“If you laid off or furloughed employees, you can use PPP funds to pay them,” McGurran says. She adds that furloughed or laid off employees must also be rehired at their previous salary levels.

“There can be a reduction in payroll forgiveness if an employee was not paid at least 75% of their average pay during the first quarter of 2020 during the eight-week time frame,” Estill says. “Employee terminations and layoffs impact this calculation.”

4. Rehire staff — or make a good faith effort

What happens if you try to rehire employees that were laid off or furloughed, but do not want to return to your company? Do you lose your chance for PPP loan forgiveness?

“Your shot at loan forgiveness shouldn’t be affected,” McGurran assures business owners. “A newer addition to the PPP loan guidelines is that as long as a company makes a good faith effort to reinstate employees on the payroll, the amount of forgiveness on the PPP loan they received won’t be reduced by those employees’ rate of pay.”

5. Pay back the PPP loan if conditions aren’t met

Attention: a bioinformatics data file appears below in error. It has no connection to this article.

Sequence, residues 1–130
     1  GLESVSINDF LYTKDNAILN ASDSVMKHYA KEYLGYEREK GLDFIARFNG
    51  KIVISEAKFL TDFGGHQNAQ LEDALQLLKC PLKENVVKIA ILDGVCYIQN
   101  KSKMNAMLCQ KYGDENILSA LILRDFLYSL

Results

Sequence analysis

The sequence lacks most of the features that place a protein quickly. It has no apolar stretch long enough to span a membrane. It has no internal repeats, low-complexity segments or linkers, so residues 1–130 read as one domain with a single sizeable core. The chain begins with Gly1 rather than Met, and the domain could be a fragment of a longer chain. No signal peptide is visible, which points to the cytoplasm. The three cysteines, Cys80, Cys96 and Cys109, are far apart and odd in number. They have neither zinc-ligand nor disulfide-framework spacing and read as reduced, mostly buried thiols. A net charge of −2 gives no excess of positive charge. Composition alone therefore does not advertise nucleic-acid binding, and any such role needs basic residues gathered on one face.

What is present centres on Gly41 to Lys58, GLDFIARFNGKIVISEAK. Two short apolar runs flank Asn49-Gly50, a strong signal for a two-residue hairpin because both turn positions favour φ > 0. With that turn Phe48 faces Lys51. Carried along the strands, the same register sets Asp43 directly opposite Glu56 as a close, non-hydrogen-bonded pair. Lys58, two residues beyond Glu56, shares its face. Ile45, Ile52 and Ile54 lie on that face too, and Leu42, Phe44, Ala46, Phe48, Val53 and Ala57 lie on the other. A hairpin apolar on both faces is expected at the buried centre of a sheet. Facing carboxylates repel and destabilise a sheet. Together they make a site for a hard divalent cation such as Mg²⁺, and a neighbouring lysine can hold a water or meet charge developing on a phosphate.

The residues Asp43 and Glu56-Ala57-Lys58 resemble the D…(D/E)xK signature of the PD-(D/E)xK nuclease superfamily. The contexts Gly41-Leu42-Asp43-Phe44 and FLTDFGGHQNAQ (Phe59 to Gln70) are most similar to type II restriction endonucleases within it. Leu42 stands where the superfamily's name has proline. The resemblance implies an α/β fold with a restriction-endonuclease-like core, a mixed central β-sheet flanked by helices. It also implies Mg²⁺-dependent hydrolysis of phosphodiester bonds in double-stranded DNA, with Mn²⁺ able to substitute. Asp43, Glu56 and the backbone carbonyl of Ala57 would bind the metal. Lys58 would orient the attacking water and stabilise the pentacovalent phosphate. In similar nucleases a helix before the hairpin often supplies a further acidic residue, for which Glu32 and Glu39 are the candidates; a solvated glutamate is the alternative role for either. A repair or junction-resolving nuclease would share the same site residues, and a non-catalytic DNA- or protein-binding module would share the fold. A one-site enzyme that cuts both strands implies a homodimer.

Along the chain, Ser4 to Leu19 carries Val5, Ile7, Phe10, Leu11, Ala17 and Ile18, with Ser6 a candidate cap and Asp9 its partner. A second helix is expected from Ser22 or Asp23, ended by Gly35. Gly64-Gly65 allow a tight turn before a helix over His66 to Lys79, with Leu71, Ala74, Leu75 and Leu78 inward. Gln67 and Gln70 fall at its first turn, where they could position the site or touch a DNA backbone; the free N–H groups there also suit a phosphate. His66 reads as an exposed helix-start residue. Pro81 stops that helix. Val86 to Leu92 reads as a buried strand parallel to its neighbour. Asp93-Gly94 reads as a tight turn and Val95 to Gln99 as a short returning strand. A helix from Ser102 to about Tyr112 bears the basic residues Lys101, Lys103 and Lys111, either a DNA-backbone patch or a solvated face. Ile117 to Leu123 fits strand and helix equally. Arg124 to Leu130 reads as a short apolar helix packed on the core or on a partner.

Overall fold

Upon completion of the PPP Loan Forgiveness Application to your lender, you are showing the lender that you’ve met the funding requirements.

Mark McKee, President and COO of payroll software company OnPay, notes that if the conditions haven’t been met, the amount of the PPP loan that can be forgiven may be reduced. Employers will then have up to two years to repay portions of the loan that aren’t forgiven. The interest rate is 1%.

The good news is the SBA is not finished sharing documentation that concerns PPP loans consistent with the CARES Act. In a press release with the U.S. Department of the Treasury, the SBA announced more regulations and guidance would be issued “soon” to assist borrowers working on their applications.

Further, it was announced on May 20, 2020, that Congress might extend the time frame for the PPP loan forgiveness period. (Author’s note: this extension is a developing story.)

Check out OpenWeStand's Resources page for more articles, advice, and strategies small businesses can use to get through these tough times.